Progress made on park improvements

The water will soon be bubbling in Spring Lake as a new operational system is expected to be operational by the end of July. - Kristin Swain | Sun

HOLMES BEACH – City engineer Lynn Burnett gave a presentation on capital improvement projects during the June 27 commission meeting and gave commissioners hope that progress will soon be seen in city parks.

Burnett opened her presentation with a bit of surprising news: Holmes Beach property owner Nora Scholan is willing to donate 26 acres of waterfront property to the city to extend Grassy Point Preserve. Burnett said all that Scholan asks in return is access through a city right of way to a half acre buildable plot of land adjacent to the land being donated. Burnett suggested the new addition be named Hames Preserve after Scholan’s family.

“I think this is a great, great opportunity,” Commissioner Carol Soustek said. “We do appreciate it very much.”

Commissioners agreed to the deal and Burnett said she’d bring contracts back to the July 9 meeting.

At Spring Lake, Burnett said the water would soon be bubbling as the aeration system is scheduled for installation and is expected to be operational by the end of July. The aeration system will push air bubbles to the surface of the water, helping to refresh the water column and dissipate some of the remaining acidity in the water.

Burnett also said that work is scheduled to begin on grading and installation of stormwater drainage at the new location for the city’s dog park following the July 9 meeting. With work getting started, the hope is that the park will be fully operational before the winter season begins.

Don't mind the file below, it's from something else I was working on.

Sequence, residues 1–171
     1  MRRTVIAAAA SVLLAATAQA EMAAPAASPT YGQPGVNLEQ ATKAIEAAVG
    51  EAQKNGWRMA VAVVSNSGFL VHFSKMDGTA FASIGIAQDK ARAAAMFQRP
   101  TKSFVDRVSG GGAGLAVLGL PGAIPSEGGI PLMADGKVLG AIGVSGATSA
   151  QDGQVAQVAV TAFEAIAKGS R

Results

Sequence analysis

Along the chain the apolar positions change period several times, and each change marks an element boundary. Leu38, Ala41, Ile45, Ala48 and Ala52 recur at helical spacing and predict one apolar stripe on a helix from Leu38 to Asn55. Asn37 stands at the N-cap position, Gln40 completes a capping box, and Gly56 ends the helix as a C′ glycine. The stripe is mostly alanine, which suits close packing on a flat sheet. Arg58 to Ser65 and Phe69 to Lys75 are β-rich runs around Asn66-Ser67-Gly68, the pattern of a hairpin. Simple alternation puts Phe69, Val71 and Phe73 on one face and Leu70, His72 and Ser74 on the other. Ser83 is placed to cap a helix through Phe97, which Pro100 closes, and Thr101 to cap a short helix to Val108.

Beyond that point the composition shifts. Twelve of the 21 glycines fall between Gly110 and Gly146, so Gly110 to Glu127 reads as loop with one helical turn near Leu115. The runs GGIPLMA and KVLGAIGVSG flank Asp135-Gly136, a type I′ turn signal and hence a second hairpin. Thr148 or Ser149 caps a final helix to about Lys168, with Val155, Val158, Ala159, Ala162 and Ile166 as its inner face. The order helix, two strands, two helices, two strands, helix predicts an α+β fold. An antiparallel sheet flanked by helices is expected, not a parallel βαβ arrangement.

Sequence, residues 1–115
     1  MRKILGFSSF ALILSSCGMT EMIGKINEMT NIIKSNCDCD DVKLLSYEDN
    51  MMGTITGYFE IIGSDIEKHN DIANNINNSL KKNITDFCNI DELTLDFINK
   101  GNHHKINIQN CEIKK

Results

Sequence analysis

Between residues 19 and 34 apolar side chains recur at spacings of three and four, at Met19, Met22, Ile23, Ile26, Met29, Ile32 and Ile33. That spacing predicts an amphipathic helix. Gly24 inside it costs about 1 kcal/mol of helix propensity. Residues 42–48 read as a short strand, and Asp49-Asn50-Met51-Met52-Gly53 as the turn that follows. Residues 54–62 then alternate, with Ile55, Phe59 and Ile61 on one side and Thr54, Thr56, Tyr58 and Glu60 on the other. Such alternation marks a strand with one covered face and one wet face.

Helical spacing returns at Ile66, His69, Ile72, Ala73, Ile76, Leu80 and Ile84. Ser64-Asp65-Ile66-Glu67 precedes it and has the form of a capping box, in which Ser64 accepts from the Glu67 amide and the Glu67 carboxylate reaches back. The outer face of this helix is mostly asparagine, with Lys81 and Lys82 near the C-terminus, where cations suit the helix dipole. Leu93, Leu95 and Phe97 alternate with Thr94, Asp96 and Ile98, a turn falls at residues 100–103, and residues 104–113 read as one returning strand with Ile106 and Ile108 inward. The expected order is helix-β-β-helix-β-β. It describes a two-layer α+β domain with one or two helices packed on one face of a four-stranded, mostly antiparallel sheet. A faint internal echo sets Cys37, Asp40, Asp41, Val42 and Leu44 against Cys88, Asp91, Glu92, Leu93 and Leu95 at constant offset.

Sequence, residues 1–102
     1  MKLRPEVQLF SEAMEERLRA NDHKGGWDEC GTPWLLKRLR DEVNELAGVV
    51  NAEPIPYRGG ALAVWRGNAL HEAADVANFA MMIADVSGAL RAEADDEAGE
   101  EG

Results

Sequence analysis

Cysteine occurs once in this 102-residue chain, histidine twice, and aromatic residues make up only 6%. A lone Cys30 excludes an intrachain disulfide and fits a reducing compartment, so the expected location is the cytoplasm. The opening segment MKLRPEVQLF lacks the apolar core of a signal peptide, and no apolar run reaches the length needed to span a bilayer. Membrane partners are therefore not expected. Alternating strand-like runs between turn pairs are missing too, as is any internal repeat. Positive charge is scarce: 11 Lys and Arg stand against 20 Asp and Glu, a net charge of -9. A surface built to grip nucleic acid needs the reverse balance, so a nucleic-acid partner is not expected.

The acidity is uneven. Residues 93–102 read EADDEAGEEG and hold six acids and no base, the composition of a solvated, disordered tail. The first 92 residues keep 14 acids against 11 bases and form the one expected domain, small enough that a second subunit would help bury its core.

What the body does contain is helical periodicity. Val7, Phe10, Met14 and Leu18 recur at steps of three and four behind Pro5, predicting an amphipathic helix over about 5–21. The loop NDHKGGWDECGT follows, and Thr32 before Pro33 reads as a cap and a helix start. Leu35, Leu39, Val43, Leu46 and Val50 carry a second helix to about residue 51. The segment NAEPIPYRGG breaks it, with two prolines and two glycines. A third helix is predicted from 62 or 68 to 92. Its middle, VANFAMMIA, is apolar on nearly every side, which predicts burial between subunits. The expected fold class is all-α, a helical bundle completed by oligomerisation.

Progress made on park improvements
This mockup of the new Holmes Beach skate park is about to be replaced with an updated design of what the park will look like.

Drainage and ground preparation work also are beginning following the July 9 meeting for the Holmes Beach Skate Park. Burnett said that new designs for that park will be delivered to commissioners during the July 9 meeting, including designs for the additional bowl area for which she said a donor may have been identified to help fund.

Commissioners continued discussions about the possibility of adding a 900-square-foot splash pad to the entrance to the city park complex. With major concerns about safety, maintenance, high cost and maintaining the health of people who use the splash pad, commissioners eventually dismissed the idea with Commissioner Jim Kihm the only one in favor of continuing discussions.

“Well, I tried,” he said when the consensus was taken to not move forward with a splash pad.

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